The Best Practices on the eBird Help page has more details about improving quality and adding extra comments and data with the Media Upload. Any combination of these tips can help improve your photo quality and get good specimens for the Macaulay Library with just a smartphone, your optics, and a few accessories.
A built-in microphone in a smartphone is surprisingly good at capturing noises made by even distant birds. When I was watching a Red Crossbill call while foraging, I was able to get a recording of it just by holding my phone up and using the voice memo app. That memo recorded enough details of the calls for the bird to be identified as a Type 3, which is a valuable piece of data for researchers studying the distribution of Red Crossbill call types. While voice memos do work to record the sound, there are a few things that you can do to improve the quality of the recordings you submit to the Macaulay Library.
Most music files (and voice memos) record in mp4 or mp3 format, which works fine for human speech. Bird sounds, however, are a lot more varied, and so it’s usually better to use a .wav format. There are a number of free apps you can download for both iPhone and Android that record sounds in .wav format. A few are listed below:
In addition to making the recording in the .wav format, it’s a good practice to create a “voice announcement” at the end of the recording that gives all of the information associated with the recording. If you forget where the recording came from (which is surprisingly easy to do!), the voice announcement will include all of that information with the recording, making it much easier to add data when you upload the recording.
If you want to get higher-quality recordings with just a smartphone, you can get a small microphone that plugs into the audio port of a phone, like this one. These can be quite small and affordable, and they can significantly boost the power of your microphone to help you record distant birds and get better recordings of close birds.
In addition to using these good practices when making a recording, there are a few editing tools that you can use to make your recording sound more professional and also make it more useful for eBird researchers. You can see a good overview of these tools on the eBird Help Page.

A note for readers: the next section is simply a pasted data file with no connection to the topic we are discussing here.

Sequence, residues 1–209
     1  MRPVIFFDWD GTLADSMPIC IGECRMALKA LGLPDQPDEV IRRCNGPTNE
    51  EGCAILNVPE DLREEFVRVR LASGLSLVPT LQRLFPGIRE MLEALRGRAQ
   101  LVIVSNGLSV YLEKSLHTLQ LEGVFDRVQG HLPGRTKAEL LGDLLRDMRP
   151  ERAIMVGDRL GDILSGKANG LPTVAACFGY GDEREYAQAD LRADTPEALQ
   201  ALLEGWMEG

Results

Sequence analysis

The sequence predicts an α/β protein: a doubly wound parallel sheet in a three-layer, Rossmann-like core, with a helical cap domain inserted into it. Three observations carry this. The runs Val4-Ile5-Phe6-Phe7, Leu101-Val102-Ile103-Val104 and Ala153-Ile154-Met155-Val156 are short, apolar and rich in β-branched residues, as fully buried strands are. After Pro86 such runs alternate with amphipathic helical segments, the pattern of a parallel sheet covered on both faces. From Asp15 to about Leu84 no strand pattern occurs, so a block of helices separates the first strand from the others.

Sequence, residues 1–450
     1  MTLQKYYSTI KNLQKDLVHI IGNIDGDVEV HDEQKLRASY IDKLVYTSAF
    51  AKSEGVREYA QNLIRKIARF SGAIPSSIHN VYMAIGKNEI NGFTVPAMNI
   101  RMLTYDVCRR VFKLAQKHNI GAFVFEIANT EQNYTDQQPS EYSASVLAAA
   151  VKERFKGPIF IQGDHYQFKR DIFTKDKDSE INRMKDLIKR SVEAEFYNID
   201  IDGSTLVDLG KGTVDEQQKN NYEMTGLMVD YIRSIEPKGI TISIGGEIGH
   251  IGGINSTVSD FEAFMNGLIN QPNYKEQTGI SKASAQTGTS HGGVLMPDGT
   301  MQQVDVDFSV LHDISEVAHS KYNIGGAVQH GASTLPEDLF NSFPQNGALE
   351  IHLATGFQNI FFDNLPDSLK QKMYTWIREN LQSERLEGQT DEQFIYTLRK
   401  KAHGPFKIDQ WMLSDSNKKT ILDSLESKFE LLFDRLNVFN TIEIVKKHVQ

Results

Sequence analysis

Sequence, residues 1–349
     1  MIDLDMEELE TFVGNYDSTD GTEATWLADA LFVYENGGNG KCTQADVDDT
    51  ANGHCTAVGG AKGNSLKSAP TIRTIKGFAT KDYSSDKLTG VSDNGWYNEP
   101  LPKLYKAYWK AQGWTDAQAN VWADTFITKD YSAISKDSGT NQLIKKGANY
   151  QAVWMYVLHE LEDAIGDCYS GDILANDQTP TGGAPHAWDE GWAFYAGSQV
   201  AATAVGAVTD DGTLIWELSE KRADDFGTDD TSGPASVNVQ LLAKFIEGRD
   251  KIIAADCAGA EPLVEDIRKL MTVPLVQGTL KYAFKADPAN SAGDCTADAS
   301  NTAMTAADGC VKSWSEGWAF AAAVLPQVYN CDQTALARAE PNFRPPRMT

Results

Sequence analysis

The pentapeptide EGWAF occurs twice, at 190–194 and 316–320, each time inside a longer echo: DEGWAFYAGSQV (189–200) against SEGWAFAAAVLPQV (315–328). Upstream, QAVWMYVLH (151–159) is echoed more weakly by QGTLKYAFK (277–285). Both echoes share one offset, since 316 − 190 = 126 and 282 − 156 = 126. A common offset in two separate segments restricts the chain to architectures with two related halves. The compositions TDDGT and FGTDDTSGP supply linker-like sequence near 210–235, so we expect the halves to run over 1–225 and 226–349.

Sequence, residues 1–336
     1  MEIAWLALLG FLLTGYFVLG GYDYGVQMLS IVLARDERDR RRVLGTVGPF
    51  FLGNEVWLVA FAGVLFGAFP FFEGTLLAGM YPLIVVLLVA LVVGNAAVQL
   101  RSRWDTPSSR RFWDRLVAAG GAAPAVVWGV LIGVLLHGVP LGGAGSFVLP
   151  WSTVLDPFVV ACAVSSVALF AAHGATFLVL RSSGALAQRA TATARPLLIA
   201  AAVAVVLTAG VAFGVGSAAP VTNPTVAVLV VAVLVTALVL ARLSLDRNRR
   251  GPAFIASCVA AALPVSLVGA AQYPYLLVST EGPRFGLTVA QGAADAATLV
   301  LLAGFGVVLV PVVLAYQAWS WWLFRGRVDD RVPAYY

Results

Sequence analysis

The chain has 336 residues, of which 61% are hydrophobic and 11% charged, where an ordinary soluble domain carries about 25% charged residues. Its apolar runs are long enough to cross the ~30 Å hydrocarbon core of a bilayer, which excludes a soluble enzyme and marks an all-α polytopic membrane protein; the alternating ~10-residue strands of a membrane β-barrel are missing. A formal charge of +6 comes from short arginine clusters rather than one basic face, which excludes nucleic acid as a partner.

Don’t be afraid to experiment and be creative about what you record. Even common vocalizations can be useful for researchers studying geographic variation, and many common birds vocalize in ways that are not common and have yet to be well-studied. If you happen to be traveling abroad to countries with relatively few specimens, any vocalizations can be extremely informative. In general, the more data, the better, so feel free to record anything you can. Plus, the more you record, the more experience you’ll gain, improving your recordings. The digital era has made it extremely easy for anyone to create high-quality recordings with tools they already have; why not take advantage of them to contribute to science?
If you’re age 13-17, you should ask your parents to send eBird a quick email letting them know that you have permission to use the photo upload tools. You can see more information about the permissions here.
The eBird team has assembled a Rich Media Upload FAQ here, and you can use the eBird Help Page to submit additional questions. If you decide to go further into the world of photography, videography, and audio recording, I encourage you to explore more advanced tools like DSLR cameras with telephoto lenses and professional audio recorders with shotgun or parabolic microphones. These help give you the highest-quality photos, audio, and videos that provide the best data for Macaulay. However, for many birders, those tools aren’t available or affordable, and in cases like these, a simple smartphone and a few apps and accessories can go a long way to creating good, informative specimens to build the Macaulay Library’s database.